Habakkuk has a problem with God’s approach and wonders why God would use a nation more evil that Judah to do His work.  “You who are of purer eyes than to see evil and cannot look at wrong, why do you idly look at traitors and remain silent when the wicked swallows up the man more righteous than he”?  The prophet doesn’t get it.  This is using worse evil to deal and judge with evil.  He felt the cure was maybe worse than the disease.  But we have to learn to trust God and have faith in His plan.  We can’t see the whole picture like He can.  We only see dimly and a bit of the plan.  God sees it all and has an absolute method to what He does.

Micah 7

Micah 7 has the prophet confessing the sin of God’s people and defining the state of things.  “Woe is me”!  He is talking about how dismal things are, and how God’s ways have been left behind.  “The godly has perished from the earth, and there is no one upright among mankind”.  Things are bad, and going to get worse.  Sin carries a price and Micah knows what lies ahead.  Yet even in the midst of a very bad situation, Micah knows that God is a God of restoration if His people just figure out what they should do.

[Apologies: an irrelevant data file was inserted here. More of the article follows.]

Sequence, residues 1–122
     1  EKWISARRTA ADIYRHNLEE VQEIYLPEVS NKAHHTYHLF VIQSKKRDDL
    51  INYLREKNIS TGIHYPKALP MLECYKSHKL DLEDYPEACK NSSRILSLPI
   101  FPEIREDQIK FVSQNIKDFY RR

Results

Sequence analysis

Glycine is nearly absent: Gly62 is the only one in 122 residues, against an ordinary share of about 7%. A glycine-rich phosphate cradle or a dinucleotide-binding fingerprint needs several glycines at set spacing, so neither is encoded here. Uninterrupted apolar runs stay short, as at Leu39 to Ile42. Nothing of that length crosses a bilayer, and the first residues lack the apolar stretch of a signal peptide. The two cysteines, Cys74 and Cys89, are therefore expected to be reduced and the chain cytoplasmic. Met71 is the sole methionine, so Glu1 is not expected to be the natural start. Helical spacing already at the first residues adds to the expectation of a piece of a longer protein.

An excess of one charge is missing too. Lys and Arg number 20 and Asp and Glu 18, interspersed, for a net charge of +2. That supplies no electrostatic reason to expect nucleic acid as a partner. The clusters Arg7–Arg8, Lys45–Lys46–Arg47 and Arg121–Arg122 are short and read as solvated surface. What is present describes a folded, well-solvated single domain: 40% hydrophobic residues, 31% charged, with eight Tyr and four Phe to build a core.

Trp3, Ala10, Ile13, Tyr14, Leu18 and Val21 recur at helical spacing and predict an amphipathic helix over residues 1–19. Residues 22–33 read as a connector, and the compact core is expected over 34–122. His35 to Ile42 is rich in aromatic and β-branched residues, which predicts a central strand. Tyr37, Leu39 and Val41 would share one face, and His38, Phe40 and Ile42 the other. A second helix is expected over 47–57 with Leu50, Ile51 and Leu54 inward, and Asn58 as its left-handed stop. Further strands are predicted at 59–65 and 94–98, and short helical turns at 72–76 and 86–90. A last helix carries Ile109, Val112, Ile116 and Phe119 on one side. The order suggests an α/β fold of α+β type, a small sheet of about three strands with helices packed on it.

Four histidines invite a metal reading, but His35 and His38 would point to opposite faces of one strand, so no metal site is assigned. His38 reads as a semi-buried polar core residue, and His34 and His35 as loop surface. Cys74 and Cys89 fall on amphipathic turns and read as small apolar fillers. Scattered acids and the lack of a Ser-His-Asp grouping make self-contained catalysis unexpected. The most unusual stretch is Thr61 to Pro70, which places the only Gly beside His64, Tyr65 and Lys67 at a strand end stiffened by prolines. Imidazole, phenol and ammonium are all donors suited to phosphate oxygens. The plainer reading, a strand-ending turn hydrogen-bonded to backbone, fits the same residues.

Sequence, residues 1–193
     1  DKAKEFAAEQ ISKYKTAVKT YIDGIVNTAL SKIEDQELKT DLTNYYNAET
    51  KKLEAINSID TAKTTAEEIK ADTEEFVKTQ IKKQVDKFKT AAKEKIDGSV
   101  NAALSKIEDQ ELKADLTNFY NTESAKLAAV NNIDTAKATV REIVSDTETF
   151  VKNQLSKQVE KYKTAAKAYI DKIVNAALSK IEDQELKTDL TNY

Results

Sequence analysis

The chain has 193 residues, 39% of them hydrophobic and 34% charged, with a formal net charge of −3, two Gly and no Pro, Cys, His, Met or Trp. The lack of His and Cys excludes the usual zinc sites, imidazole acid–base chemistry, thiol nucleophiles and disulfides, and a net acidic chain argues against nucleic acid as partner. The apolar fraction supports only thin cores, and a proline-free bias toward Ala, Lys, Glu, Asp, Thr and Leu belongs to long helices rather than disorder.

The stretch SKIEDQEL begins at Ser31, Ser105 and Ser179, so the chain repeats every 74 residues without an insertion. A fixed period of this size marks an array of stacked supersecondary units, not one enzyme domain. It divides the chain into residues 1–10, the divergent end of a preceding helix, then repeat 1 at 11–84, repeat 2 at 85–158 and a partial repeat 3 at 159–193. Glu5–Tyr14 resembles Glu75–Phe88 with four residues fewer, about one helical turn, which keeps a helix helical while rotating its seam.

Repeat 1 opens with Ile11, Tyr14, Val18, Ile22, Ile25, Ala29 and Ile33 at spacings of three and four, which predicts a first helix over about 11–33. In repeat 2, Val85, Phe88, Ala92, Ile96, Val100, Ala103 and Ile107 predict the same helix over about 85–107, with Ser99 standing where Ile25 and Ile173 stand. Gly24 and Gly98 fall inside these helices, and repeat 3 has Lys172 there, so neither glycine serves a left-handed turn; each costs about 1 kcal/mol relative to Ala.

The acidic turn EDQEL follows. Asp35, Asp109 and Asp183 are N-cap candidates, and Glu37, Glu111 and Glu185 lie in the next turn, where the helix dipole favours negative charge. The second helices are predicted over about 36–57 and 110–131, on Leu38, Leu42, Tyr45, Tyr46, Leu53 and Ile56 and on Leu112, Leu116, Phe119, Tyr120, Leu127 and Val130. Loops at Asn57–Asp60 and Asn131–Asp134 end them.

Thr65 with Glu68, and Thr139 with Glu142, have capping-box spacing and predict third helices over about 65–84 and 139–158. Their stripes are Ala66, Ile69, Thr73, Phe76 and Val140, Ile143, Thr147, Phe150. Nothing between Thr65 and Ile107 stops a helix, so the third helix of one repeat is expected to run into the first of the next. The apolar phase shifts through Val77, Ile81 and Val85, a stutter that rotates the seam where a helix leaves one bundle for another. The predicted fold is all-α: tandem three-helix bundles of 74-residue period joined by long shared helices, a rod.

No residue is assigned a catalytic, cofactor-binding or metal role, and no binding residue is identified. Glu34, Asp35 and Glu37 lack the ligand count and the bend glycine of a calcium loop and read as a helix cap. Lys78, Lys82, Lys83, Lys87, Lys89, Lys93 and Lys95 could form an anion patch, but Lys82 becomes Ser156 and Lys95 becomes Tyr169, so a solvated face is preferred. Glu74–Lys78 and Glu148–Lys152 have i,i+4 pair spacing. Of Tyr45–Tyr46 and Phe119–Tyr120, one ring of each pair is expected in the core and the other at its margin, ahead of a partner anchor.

He makes the path to restoration clear.  “But as for me, I will look to the Lord; I will wait for the God of my salvation; my God will hear me”.  There was no where else to look as everyone else around him was corrupt and living a life of sin separated from God.  So Micah points to the One who never leaves nor forsakes us, who is always there ready to welcome us back if we’ll only confess and repent of our sin.  God is our only hope, and we need to not only call to Him, but run to Him.  He alone will save us.